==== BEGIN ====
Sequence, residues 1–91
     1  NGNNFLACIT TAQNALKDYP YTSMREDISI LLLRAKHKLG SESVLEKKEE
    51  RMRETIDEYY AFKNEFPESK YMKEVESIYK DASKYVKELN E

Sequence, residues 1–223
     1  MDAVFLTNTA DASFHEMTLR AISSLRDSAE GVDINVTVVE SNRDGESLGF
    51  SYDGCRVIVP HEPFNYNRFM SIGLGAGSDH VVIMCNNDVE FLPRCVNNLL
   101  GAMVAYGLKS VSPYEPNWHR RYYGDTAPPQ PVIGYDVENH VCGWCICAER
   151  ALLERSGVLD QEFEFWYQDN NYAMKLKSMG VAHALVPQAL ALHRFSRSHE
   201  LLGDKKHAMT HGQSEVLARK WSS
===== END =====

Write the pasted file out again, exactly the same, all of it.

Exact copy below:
Sequence, residues 1–91
     1  NGNNFLACIT TAQNALKDYP YTSMREDISI LLLRAKHKLG SESVLEKKEE
    51  RMRETIDEYY AFKNEFPESK YMKEVESIYK DASKYVKELN E

Sequence, residues 1–223
     1  MDAVFLTNTA DASFHEMTLR AISSLRDSAE GVDINVTVVE SNRDGESLGF
    51  SYDGCRVIVP HEPFNYNRFM SIGLGAGSDH VVIMCNNDVE FLPRCVNNLL
   101  GAMVAYGLKS VSPYEPNWHR RYYGDTAPPQ PVIGYDVENH VCGWCICAER
   151  ALLERSGVLD QEFEFWYQDN NYAMKLKSMG VAHALVPQAL ALHRFSRSHE
   201  LLGDKKHAMT HGQSEVLARK WSS